Subject not only did not achieve the necessary ±3 change needed to succeed in the demonstration, but he also did not influence the luminosity of the light bulb in the slightest. Even if the standard had been ±1, Subject would not have succeeded. There is no evidence from this demonstration that Subject possesses psychic ability.
He seemed understandably disappointed that he would not be advancing to the full-scale test—giving him a chance at the $100,000 prize—but Subject said he would likely reapply after the required one-year waiting period.
After the end of the demonstration, Dr. Farha asked Subject if he has been able to successfully manipulate the brightness of a bulb at home. He replied:
“Whenever I’m just, like, driving around […] when there’s a light, like, flickering […] just focus on it, and it just happens.”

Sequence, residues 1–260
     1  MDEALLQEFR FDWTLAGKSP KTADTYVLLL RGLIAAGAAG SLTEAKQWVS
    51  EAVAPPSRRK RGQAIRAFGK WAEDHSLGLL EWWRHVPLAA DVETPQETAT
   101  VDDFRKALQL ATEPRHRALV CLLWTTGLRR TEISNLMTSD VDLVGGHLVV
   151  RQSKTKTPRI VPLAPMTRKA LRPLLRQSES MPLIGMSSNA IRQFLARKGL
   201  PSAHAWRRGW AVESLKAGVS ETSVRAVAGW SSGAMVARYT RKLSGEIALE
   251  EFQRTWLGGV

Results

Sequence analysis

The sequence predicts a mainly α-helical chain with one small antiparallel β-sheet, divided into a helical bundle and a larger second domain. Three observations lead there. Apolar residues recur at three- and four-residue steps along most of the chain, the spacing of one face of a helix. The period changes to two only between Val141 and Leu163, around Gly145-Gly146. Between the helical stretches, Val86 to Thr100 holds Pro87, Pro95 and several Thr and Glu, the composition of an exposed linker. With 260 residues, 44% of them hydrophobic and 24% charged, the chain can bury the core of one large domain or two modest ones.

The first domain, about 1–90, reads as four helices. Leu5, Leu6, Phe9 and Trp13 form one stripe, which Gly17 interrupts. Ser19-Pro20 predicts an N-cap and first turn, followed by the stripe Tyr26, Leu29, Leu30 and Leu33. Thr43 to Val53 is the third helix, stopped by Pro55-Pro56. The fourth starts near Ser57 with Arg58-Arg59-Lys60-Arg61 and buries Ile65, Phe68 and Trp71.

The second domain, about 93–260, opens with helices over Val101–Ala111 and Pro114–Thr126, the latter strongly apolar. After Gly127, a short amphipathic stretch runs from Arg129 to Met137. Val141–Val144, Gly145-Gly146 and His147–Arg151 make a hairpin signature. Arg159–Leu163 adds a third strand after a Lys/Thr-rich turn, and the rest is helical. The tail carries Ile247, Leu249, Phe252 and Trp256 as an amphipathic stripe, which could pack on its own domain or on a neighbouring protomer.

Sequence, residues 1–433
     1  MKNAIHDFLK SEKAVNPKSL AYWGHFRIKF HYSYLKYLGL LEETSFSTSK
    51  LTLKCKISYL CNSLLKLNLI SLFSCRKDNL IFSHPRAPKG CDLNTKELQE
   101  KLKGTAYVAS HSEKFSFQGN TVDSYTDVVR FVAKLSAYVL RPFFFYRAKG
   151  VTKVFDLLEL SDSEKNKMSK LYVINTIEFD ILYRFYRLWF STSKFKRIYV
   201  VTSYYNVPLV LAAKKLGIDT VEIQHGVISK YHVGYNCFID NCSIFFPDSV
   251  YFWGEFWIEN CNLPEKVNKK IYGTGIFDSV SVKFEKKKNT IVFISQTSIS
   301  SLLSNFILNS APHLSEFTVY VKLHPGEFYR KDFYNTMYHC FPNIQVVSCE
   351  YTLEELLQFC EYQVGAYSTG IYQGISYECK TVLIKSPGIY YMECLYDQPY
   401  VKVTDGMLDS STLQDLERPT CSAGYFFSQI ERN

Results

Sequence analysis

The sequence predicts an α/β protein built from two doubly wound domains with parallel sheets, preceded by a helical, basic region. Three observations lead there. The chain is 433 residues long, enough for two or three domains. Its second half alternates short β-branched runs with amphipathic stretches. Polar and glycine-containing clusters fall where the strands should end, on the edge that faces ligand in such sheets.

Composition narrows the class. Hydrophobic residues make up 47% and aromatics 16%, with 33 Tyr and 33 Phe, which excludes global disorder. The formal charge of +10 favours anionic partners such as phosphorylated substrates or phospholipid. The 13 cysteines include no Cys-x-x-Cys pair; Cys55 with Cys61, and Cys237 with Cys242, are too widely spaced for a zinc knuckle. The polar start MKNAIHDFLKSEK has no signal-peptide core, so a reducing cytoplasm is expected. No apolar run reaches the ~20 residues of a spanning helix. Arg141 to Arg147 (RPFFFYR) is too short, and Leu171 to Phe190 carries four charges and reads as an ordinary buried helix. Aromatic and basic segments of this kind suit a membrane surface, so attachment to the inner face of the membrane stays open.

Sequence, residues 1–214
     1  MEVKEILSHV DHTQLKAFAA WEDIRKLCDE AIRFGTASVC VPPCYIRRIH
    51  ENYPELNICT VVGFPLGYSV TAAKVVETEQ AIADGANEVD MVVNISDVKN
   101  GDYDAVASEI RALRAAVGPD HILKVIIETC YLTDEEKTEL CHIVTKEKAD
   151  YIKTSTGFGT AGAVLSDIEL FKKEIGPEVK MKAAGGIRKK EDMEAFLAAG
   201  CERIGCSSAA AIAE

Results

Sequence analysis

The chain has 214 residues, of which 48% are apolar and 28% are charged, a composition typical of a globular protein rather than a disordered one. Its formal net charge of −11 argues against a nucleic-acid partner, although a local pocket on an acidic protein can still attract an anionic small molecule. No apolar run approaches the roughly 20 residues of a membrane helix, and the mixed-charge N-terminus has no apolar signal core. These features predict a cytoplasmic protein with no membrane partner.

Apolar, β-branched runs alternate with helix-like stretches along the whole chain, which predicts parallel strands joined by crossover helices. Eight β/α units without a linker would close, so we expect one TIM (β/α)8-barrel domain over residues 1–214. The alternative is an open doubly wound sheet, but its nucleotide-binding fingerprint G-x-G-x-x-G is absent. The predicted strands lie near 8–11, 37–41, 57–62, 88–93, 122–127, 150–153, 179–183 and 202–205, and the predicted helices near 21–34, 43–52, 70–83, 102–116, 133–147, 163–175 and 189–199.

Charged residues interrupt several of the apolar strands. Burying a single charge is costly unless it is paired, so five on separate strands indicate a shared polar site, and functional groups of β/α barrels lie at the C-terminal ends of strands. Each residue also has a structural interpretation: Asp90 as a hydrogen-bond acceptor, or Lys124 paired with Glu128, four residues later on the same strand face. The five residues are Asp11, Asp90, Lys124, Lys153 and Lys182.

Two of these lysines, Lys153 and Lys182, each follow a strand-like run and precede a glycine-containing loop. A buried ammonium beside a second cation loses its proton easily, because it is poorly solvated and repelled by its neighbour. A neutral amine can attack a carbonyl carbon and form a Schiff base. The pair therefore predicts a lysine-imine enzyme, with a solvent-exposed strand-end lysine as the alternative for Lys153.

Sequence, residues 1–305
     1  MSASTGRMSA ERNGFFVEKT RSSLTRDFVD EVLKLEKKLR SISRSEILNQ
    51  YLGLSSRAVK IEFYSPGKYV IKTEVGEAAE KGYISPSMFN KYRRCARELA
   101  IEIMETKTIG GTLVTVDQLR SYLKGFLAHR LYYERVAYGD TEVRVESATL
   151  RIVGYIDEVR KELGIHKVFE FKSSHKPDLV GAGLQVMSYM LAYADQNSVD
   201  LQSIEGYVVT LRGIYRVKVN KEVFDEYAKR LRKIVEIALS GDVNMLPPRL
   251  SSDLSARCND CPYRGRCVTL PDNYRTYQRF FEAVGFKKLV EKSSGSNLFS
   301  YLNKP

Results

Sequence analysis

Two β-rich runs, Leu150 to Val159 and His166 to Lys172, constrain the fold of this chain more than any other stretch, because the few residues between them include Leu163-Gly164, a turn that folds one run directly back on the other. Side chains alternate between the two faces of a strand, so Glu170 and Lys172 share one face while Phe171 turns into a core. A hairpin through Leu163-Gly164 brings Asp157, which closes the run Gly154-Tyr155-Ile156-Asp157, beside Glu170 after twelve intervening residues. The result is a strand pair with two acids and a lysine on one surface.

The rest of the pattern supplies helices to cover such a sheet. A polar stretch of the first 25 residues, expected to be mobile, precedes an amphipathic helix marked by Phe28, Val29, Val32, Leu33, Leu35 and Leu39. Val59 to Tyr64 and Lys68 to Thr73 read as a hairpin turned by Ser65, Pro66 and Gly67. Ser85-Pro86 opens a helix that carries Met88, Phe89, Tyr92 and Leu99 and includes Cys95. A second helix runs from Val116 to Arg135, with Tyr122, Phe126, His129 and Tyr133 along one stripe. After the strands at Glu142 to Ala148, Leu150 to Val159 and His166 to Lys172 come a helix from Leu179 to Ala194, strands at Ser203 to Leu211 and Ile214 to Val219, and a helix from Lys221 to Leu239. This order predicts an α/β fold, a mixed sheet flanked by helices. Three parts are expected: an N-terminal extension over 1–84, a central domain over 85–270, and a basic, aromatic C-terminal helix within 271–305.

Here, he described essentially the same thing that has been referred to as the street light interference phenomenon: the claimed ability of certain individuals to manipulate the brightness of street lights or switch them on or off. IIG has received other applications to the Challenge from individuals claiming to have this ability and similar ones. It seems likely that the belief in such an ability often arises through confirmation bias: a person notices and recalls occasions when they were thinking about a light changing and it did change, but they do not notice or remember cases where the light did not change. They may thus come to believe that their thoughts caused the change.
A special thanks to Mike Skor who lent advice on light meters and testing methodology.